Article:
A small restaurant serving Hawaiian-Japanese cuisine with a twist. They are known for their Ramen Burgers, made using ramen noodles flown in all the way from Japan.
User Ratings Summary
User rating summary from: 2 user(s)
Feels like family
Previously named The Burger Shack, this place is where I spent many a day slogging over my revision. The food is good for the prices - they offer Fish n' Chips for below $10, and the fish really just flakes apart in your mouth. The tartar sauce is good, and the fries are delectable. I normally order the wings, and these, too, are well-fried. I then drown the wings in chili sauce and the curry powder provided, and it always makes for a good taste experience.
This place feels so old-school, and dining in it at night, when everything outside is dark, gives you a kind of out-of-Singapore-into-a-foreign-place-with-cute-kitschy-vintage-diners experience. The service staff are really nice and amicable people too, I especially like the old lady who's always really friendly and warm and grandmotherly.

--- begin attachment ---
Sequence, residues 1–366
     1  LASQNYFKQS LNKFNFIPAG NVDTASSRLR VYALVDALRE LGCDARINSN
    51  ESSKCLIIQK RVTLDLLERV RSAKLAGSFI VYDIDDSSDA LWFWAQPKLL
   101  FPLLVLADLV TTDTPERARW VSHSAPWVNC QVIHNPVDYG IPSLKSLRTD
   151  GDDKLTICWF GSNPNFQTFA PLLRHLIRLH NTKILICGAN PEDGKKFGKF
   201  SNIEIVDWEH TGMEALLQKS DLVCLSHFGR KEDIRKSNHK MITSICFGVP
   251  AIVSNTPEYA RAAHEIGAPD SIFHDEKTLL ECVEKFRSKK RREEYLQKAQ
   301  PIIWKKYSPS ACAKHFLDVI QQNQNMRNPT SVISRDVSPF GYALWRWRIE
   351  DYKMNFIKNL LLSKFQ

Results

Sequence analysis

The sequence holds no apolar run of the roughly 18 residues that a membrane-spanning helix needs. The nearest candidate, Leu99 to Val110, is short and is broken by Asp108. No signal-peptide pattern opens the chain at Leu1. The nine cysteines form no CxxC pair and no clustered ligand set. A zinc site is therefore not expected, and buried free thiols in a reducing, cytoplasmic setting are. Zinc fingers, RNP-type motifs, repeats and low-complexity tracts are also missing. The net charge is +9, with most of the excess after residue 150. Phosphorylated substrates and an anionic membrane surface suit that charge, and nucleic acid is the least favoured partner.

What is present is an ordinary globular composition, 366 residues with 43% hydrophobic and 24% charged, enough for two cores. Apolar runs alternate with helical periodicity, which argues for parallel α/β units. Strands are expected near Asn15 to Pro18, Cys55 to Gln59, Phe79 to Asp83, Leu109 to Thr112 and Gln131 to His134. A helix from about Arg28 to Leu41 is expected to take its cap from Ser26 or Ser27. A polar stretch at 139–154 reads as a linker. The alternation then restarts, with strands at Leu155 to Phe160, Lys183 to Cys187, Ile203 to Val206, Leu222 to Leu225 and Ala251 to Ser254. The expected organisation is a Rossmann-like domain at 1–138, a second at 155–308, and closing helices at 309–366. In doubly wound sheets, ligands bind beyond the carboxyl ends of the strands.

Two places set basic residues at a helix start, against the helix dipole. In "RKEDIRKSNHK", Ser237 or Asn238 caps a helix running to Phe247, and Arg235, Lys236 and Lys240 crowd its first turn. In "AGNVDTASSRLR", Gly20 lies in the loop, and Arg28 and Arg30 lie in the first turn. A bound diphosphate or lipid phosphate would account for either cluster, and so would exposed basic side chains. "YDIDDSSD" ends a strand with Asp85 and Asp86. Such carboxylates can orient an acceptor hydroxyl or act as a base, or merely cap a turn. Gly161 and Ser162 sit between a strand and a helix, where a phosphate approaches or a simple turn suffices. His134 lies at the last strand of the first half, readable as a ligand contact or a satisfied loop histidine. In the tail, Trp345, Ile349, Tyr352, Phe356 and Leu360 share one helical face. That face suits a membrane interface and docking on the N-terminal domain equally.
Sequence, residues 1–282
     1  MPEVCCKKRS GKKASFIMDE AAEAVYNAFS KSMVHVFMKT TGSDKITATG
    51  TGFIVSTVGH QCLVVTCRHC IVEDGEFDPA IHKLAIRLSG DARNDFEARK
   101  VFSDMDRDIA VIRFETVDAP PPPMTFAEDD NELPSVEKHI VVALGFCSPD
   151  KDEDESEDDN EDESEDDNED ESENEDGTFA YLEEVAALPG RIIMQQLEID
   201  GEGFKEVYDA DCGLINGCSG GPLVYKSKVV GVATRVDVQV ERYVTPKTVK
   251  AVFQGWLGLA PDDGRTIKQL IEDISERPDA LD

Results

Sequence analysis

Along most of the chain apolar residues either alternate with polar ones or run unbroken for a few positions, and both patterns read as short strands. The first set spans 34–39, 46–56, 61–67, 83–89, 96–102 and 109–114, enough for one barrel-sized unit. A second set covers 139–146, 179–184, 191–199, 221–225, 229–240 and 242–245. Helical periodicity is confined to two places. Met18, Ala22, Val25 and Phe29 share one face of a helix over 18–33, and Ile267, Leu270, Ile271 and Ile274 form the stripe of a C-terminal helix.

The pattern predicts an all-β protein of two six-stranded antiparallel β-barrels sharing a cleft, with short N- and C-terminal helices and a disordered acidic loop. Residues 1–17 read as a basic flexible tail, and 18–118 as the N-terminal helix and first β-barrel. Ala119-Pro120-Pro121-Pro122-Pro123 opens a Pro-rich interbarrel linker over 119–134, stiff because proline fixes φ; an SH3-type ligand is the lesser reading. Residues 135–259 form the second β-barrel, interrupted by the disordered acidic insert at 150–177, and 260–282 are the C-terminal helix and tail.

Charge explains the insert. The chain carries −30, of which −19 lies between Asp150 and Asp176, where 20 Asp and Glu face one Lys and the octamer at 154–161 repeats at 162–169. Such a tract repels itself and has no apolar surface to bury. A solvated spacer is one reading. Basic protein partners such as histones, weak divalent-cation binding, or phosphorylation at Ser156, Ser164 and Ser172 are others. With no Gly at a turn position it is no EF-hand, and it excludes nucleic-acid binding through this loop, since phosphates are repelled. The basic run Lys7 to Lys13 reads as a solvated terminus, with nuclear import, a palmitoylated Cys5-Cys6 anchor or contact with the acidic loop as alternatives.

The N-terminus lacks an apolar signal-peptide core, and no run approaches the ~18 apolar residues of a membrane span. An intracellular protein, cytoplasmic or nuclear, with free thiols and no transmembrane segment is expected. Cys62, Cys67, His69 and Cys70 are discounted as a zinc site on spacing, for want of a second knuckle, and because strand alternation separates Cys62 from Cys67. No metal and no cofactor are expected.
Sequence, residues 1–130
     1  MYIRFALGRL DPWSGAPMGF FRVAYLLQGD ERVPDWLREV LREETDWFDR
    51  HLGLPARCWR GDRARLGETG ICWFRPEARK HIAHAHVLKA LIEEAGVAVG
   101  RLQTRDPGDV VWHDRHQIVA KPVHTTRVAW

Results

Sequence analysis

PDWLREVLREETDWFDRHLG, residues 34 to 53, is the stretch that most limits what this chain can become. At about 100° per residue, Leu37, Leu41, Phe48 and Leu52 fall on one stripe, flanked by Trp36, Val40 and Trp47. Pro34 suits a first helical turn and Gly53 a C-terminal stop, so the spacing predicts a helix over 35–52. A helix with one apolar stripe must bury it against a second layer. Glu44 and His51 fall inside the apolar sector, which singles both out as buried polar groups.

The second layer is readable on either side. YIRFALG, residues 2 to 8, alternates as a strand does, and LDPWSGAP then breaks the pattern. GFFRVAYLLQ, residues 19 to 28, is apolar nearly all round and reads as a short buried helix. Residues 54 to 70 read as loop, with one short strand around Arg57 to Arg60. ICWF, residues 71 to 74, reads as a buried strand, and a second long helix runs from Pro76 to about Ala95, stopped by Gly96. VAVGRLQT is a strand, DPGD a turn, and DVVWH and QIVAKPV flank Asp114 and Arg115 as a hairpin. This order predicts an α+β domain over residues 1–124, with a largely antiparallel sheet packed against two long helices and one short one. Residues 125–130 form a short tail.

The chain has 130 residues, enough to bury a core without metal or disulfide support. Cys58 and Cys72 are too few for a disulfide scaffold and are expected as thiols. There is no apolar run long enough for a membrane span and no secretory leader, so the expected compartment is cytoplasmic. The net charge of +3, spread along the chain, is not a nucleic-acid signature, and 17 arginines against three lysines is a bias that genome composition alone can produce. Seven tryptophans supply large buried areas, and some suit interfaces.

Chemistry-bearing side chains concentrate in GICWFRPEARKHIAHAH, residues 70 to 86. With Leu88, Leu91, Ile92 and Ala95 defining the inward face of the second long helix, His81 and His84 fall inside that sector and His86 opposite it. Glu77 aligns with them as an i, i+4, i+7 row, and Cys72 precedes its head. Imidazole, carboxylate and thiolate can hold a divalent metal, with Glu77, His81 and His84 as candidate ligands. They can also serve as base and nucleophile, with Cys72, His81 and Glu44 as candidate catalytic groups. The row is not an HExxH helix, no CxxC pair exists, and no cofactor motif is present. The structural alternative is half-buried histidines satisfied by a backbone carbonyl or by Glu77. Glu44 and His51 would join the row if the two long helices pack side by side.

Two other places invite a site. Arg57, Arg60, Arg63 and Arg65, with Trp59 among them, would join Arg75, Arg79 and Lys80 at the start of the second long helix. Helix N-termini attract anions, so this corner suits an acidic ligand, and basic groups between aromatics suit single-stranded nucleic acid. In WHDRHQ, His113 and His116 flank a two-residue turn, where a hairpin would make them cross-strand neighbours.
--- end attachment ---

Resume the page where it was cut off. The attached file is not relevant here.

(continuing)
While this isn't exactly gourmet dining with the most quiet atmosphere, and the smell of BBQ is likely to linger on your hair, clothes and skin, sticking to you like glitter, this is one of my favourite eateries in Singapore.
After reading an article about Little Hiro on this very site, I’ve been wanting to visit to try out their Ramen Burgers!
The place is about a 10-minute walk from Botanic Gardens MRT and its baby blue exterior and red signage is hard to miss. It even has a unique bear mascot, further adding on to the friendly vibe of this restaurant.
The menu board above the cashier counter was quite cluttered, making it a bit difficult to figure out which is which. We ended up ordering one each of their two available Ramen Burgers. For an extra $2.80, students get to add on fries and a drink to make it meal. Really worth it, if you ask me.
We were quite surprised at the generous portion but thoroughly enjoyed it. The Ramen Burger was really interesting and tasty too. One thing that bothered me slightly though, was that quite a lot of disposables (despite being Cornware) are used here. From the spoons, forks, knives, to the cups the drinks come in. Seeing that a good majority of the people that visit Little Hiro are there to dine in, perhaps, using washable plates and cutlery would be a more eco-friendly option.
But overall, I enjoyed the food and ambience and wouldn’t mind a second visit the next time I’m in the area :)